Vivid or an SRGB mode at a bright 483 nits of luminance, which is suitable for a brightly lit room.
Pixelsense Flow supposedly involves what Microsoft calls Dynamic Refresh Rate, which varies the screen’s refresh rate between 60Hz and a new 120Hz refresh rate. The latter was a feature Microsoft promised for the Surface Laptop Studio, but it didn’t make the final cut. Instead, the display refresh rate is locked at 120Hz by default—great for performance, but it puts a hit on the battery life, too. Somewhat weirdly, Microsoft promised us that the display would include HDR support, including Dolby Vision, but the Windows 11 Settings menu doesn’t indicate the display is capable of HDR.
A SHIFT TO THUNDERBOLT
From a connectivity perspective, the greatest change that the Surface Laptop Studio introduces is the Thunderbolt 4 port—in fact, it has two. Thunderbolt is essentially a supercharged USB-C port, capable of throughput that allows for everything from displays to highspeed external devices ( fave. co/3n5nlmc) to be connected. Microsoft rather smartly included both its traditional Surface Connector (capable of charging the Surface Laptop Studio) as well as the two Thunderbolt 4 ports, which are also capable of charging the laptop. This allows the Surface Laptop Studio to use the small but growing ecosystem of Thunderbolt docks ( fave.co/3vta0be), while it can also use existing Surface chargers and the Surface Dock 2 ( fave. CO/3LTNG5J). There are no older USB-A ports on the Surface Laptop Studio, however.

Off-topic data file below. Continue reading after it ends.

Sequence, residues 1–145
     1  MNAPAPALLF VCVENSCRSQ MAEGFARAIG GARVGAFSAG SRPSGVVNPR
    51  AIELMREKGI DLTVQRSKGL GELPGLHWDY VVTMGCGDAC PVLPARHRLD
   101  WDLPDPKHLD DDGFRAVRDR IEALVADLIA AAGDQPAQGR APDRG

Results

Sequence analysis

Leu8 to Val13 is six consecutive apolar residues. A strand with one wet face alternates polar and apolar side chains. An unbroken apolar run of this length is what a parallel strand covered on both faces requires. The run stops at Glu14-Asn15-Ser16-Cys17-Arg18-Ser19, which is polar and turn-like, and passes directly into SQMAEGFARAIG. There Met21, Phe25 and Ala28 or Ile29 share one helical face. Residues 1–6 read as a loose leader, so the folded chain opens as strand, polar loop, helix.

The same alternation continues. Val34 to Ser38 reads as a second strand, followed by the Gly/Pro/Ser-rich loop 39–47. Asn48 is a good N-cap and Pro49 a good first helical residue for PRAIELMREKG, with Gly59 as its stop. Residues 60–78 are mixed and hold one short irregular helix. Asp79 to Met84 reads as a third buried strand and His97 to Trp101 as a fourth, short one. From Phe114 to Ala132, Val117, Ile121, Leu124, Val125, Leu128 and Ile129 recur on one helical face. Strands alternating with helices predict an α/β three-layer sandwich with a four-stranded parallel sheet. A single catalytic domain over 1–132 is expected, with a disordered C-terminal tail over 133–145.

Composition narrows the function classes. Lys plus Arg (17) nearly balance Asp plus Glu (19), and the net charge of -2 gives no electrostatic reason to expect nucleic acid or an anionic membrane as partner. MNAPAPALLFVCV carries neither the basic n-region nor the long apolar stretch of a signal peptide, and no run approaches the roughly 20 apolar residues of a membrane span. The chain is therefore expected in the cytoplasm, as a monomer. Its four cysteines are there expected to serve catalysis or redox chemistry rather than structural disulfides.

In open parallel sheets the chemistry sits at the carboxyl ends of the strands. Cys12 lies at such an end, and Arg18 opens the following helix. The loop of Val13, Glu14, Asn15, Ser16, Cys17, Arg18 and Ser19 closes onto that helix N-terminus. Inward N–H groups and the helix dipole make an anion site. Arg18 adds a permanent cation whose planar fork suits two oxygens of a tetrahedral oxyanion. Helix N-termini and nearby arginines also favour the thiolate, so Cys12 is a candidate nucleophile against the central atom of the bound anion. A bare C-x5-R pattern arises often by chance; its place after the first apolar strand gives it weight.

There’s a catch, though: The Surface Laptop Studio uses Microsoft’s 102W charger, and most
Surface devices (save for the Surface Book 3) use a 65W charger or less. These legacy Surface chargers don’t supply enough power for the Surface Laptop Studio, especially while gaming.
INKING IS A PLEASURE WITH THE SLIM PEN 2
Inking with a stylus is a real pleasure on the Surface Laptop Studio. Microsoft said the screen digitizer has been made more efficient, reducing the ink latency, and it was specifically designed to work with the Surface Slim Pen 2. The laptop supports the Microsoft Pen Protocol. The palm rejection works effectively, and Microsoft reduced the e-ink latency down to just a tiny smidge below perfect. There’s no line offset that I can detect, but there is a bit of jitter, especially when drawing diagonal lines slowly.
The Slim Pen 2 fits within…well, not exactly a cubby, but a charging well underneath the laptop that magnetically holds it in place and charges the pen. It seems a little weird, but it doesn’t seem like it would jar loose, either. A short review period didn’t allow us enough time to measure how long the charge lasted.